Lest you be confused by the following story from N.C. Policy Watch, allow me to translate all this Republican rigmarole for you before we begin: “Sit down. Shut up. Keep your opinions to yourselves. We’re in control and we’ve already made up our minds. You have no power here! Begone, before somebody drops a house on you, too!”
NCPW has a great look into some North Carolina legislators’ responses to constituent contacts they received from students in Rutherford County.
At the center of the debate is a bill that would lift the cap on charter schools in the state, the effect of which would ultimately take away more funding from traditional public school systems.
The jesting began after a number of students from the Western North Carolina county emailed lawmakers about legislation affecting the state’s charter schools and the funding they get from traditional public schools. Some of the emails arrived with grammatical and spelling errors, and that became an opening to start joking about the failings of the state’s public school system.
“Are English and writing still ‘apart’ of our core curriculum in North Carolina?,” wrote Rep. John Blust, a Greensboro Republican, in response to a student who said he was “apart of RS Central,” a high school in the Western North Carolina county.
“From the emails we are receiving I would say no,” quipped Rep. George Cleveland, a Jacksonville Republican, in response.
Blust and Cleveland sent their March 9 remarks to an email chain that included bipartisan House education committee members who held hearing earlier this month on Senate Bill 8, a GOP-backed bill that could lift the 100-school cap on charter schools and allow charters more access to public funding streams and oversight outside of the N.C. State Board of Education.
In another exchange, Carlton Huffman, a legislative aide for GOP state Rep. Jonathan Jordan, forwarded a student’s email to the legislative aides for Republican House members with the comment, “More great grammar results from the public school system.”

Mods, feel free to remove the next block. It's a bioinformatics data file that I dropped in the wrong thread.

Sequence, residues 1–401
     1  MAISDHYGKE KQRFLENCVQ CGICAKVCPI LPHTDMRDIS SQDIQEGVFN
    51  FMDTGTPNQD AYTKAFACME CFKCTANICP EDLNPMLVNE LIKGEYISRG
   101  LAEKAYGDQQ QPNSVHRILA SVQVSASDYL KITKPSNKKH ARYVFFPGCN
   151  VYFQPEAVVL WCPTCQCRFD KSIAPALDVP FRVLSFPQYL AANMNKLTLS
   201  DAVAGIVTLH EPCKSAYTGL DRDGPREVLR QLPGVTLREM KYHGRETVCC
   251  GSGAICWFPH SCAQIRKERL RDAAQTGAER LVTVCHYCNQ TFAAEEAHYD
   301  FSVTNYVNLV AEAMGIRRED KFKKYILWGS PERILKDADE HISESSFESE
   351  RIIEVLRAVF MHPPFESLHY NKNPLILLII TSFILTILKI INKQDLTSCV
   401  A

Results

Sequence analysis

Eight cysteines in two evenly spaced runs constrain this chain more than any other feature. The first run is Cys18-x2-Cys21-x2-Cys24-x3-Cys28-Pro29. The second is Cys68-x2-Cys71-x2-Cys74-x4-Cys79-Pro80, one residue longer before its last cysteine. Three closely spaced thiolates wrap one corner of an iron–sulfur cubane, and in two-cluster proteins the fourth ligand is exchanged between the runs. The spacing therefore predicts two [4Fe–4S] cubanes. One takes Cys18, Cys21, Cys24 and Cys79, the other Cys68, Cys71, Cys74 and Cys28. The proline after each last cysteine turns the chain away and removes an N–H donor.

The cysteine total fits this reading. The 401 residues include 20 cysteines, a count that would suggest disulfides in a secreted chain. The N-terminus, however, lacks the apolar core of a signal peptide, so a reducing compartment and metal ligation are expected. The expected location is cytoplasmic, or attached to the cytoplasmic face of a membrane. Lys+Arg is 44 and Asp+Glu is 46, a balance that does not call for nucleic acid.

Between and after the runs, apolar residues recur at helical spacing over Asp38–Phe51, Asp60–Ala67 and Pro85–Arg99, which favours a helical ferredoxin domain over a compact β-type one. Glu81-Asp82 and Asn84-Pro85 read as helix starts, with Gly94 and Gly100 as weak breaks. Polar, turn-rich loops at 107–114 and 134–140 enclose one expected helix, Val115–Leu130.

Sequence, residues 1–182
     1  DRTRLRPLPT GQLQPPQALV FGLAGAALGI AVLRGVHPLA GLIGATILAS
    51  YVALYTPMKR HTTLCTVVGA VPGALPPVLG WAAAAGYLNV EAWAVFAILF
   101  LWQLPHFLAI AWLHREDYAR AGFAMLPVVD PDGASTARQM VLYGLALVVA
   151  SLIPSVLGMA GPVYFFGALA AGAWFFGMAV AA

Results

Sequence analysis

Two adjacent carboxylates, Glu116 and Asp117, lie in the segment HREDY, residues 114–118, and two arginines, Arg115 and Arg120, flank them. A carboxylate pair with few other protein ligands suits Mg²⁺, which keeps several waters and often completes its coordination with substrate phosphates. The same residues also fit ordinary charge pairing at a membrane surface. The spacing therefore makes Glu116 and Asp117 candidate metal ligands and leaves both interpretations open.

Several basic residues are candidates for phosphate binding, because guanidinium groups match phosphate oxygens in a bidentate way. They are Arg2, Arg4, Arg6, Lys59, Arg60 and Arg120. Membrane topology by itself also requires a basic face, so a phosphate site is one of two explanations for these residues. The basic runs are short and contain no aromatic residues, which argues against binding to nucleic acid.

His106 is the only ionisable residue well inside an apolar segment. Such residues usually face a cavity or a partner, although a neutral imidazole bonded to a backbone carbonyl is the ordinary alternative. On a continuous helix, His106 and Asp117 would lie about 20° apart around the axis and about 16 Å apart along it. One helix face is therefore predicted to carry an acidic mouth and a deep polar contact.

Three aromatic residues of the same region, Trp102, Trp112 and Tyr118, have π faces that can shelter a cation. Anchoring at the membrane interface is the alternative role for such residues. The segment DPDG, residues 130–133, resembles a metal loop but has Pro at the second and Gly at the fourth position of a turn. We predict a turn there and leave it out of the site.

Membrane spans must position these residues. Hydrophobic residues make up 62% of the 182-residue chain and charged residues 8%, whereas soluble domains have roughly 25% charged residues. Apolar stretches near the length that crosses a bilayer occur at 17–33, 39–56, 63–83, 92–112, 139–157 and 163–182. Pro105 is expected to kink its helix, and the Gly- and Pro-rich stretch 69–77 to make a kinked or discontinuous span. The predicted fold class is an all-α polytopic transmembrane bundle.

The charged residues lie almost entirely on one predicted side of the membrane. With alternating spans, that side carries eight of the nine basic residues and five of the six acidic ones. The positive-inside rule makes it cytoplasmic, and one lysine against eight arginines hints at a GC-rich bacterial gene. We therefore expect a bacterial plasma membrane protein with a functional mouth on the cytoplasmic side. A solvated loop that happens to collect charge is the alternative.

Perhaps the worst exchange came from state Sen. Debbie Clary (R-Cleveland, Rutherford). Though she didn’t join in poking fun at students, her response — calling a polite, well-written constituent letter “disrespectful” — nonetheless shows just how little care she has for students’ thoughts and opinions on bills that greatly impact them. Read that student’s email and Clary’s response here.
Again, from NCPW:
State Sen. Debbie Clary, a Republican who represents the Rutherford County area, had forwarded some of the jokes made by legislators about the schoolchildren’s grammar to Rutherford County School Superintendent Janet Mason to show her what was being said about the schoolchildren and to urge the students to either stop writing or at least use proper grammar. (Clary doesn’t always stick to the proper grammar and punctuation and rules in her electronic communications, as seen in this email she wrote to a constituent that was posted on the anti-Senate Bill 8 site).
“To have children tell legislators that they have no respect for them at all is why most parents want their children out of the traditional public schools,” Clary wrote in an email to Mason and Bennett. “A lack of respect for adults, authority and teachers is being taught at your schools by your teachers and I am ashamed.”
Clary was referring to an email a 17-year-old high school senior had sent her, in which the student expressed concern that funding destined for charter schools could mean cuts to traditional public schools.
The student told Clary, “Mrs. Clary, I have no disrespect for you at all. But this Bill is way more than a document. The effects it will have on our school system are very damaging.”
Clary later said in an interview that she thought the student had sent her a well-written email, and that she was impressed with the student’s clarity and writing ability.